Monday, March 07, 2011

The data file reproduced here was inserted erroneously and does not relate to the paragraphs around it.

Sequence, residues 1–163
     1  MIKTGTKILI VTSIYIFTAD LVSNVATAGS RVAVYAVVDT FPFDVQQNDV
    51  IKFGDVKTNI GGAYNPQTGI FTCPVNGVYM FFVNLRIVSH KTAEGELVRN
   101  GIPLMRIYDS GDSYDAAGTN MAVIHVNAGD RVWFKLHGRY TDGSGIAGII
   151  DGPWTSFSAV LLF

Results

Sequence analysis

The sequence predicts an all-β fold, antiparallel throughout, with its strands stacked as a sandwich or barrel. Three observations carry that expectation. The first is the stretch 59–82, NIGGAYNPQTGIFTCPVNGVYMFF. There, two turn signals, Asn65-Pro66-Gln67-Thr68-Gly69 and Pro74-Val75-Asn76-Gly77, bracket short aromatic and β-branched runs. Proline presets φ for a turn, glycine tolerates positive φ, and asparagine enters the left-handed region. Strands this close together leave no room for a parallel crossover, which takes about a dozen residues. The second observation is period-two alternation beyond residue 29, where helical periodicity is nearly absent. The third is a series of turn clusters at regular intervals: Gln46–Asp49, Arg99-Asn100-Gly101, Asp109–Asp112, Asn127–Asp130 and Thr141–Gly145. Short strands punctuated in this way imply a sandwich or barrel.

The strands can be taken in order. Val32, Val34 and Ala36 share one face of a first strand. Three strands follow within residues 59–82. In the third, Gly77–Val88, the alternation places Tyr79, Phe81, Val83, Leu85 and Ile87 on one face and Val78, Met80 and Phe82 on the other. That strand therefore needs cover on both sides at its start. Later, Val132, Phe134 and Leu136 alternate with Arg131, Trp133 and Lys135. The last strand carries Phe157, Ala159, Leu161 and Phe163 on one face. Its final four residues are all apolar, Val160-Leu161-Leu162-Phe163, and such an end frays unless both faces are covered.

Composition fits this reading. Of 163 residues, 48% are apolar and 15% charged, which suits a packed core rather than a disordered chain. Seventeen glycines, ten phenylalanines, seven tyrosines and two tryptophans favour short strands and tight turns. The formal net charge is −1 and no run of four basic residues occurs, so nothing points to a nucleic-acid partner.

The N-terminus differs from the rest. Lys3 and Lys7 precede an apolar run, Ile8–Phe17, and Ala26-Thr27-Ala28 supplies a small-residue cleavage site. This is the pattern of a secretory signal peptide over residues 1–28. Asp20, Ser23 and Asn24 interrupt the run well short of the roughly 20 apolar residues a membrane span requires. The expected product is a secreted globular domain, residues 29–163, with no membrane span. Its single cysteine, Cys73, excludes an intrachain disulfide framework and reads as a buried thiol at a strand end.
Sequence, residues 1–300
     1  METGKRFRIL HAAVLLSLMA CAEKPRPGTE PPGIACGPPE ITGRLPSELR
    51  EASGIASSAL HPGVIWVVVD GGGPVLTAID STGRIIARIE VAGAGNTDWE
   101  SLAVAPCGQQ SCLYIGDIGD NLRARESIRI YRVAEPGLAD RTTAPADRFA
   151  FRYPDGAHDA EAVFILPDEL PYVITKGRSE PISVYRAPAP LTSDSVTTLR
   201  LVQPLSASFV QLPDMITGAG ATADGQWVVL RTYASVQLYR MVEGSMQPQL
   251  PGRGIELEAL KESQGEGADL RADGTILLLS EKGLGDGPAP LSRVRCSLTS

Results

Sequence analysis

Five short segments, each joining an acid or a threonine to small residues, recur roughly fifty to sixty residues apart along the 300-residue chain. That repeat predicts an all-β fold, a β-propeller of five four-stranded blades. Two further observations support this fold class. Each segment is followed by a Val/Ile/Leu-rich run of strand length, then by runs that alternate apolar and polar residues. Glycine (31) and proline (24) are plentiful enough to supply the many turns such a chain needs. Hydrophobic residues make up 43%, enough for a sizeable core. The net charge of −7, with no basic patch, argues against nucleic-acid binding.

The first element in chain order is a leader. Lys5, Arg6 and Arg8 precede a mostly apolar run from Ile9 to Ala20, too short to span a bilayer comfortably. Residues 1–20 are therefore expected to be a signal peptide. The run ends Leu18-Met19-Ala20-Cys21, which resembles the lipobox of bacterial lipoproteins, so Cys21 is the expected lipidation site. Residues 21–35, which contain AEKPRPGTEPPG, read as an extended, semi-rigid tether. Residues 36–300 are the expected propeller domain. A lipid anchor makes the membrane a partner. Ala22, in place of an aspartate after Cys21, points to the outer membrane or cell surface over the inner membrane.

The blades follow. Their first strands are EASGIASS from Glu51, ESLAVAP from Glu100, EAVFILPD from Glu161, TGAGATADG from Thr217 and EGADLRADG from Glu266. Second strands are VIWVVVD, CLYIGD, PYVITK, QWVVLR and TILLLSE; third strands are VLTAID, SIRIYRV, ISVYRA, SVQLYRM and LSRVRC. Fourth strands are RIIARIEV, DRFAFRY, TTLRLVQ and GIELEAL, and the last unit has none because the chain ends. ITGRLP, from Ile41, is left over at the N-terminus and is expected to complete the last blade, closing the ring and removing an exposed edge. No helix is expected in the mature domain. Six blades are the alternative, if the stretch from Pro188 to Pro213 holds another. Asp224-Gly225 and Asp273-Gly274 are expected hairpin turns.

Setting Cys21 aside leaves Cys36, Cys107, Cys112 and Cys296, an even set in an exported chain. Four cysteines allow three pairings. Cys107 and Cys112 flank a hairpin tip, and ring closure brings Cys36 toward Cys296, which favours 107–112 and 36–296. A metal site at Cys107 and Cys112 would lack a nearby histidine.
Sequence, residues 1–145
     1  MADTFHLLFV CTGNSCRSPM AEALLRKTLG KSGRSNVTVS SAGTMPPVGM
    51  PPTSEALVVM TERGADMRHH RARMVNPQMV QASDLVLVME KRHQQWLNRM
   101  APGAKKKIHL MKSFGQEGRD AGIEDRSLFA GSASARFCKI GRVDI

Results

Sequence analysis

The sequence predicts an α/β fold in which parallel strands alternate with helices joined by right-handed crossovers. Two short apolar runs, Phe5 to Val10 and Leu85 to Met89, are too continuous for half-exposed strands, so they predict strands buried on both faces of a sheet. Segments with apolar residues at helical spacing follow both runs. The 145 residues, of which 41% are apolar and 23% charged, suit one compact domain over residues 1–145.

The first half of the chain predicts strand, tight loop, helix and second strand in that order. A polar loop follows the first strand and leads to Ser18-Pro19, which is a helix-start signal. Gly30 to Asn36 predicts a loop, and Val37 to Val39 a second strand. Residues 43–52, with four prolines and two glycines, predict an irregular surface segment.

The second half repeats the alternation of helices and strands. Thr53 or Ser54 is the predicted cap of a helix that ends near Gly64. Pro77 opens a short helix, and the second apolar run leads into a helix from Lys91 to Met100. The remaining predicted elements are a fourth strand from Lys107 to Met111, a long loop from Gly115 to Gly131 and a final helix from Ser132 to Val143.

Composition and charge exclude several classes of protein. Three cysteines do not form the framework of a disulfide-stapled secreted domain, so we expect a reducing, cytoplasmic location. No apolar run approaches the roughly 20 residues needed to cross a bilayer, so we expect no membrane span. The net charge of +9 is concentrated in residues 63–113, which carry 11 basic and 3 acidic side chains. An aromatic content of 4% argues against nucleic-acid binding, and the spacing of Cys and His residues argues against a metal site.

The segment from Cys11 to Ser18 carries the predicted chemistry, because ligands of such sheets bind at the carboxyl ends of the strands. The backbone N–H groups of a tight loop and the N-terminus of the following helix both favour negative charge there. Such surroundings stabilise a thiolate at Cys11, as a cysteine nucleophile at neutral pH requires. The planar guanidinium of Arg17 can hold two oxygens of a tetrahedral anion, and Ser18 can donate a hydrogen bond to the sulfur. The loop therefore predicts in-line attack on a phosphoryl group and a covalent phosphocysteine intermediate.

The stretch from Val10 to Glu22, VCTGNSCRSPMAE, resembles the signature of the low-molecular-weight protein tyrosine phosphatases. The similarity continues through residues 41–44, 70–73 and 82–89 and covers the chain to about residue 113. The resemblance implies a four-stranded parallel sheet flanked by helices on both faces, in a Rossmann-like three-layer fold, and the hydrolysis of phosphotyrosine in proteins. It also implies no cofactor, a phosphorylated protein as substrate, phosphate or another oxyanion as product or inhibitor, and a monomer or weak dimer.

I was brought up in Hong Kong from the age of two, and although English was my primary language, Chinese quickly became my second. Cantonese was the chatter in the playground and the calls of street vendors; Mandarin the solemn tone during class and amongst the elderly in the local parks, and I loved them both, especially when I passed the entrance exam to go to an international high school. I discovered then that being Chinese didn't mean you could write it, or even speak it; many of my classmates didn't even know the meaning of their names. Mine may have been a slight misnomer wisdom and elegance weren't my strong suit but I knew it was mine. Still, it was seen as strange that I preferred English to Chinese at school, both as a subject and as a language. The English language is wonderful and intricate and it's amazing to me that meanings can change with the slightest changes in syntax, and how logical rules are often interrupted by exceptions. It's the odd words I love, along with the smell of old books, and the contentment of finishing a piece of writing. Books that bridge the two halves of my life range from Chinese classics such as 'The Water Margin' and also those by Chinese authors about Western society; Amy Tan's 'The Hundred Secret Senses' was an superb read: the past and present, the Chinese-Americans and those who fled the Manchu coming together to produce a story that doesn't have to end happily ever after. I'm also drawn to crime fiction, especially when the criminal is within a closed circle of suspects, as in James' 'Original Sin'. What I love about James is that she doesn't try to avoid the 'guilty pleasure' of the genre; she renews its conventions from within. Emily Dickinson's 'I'm nobody'was the first poem that made me laugh - I'd never thought of poetry as something humourous before this. Simon Armitage is another poet I love; coming across 'Kid' at GCSE led me to search for his work. 'A Book of Matches' is one of my favourite poetry collections - the 'Becoming of Age' section is so relatable and the flashes of insight he divulges are fascinating. The catharsis of writing poetry is always exhilarating; putting pen to paper and pushing my emotions through onto a clean page has been how I deal with life for as long as I can remember. When I was younger, and less aware of what life would bring, I would pen neat little stories about morals and living happily ever after.Things changed. For three or four years after moving back to the UK, I found myself unable to write anything that wasn't an angry rant at the world, because those years of my life were hellish. It wasn't until I left high school behind that I finally found myself able to write stories again. My college held a gothic writing competition, and it was then that I remembered how hard it was to write a short story, particularly when I was so new to the Gothic genre. However, writing isn't a chore for me it's simply what I love to do. I'm interested in pursuing a teaching career - both my paternal grandparents and my father have been head teachers - my grandmother was the first Chinese headmistress in a then colonial Hong Kong. I work part-time waitressing in my local Chinese restaurant, and although not an ideal job, it has taught me that hard work pays off. I have volunteered regularly during summers since '06 at a local school in Hong Kong as a teacher's aide for English summer camps. Working with local students helped me to realize the difficulty of learning English. To go from a logical, almost rigid, language such as Chinese to English, a language full of irregularities and exceptions, is difficult, and I'm indebted to my parents for instilling bilingualism in me. Had I not learned to speak English from a young age, my life would be drastically different. All in all, I want to further pursue English as it has always been my passion and I feel that it would take me to a new level of understanding in terms of English as a language and as a subject.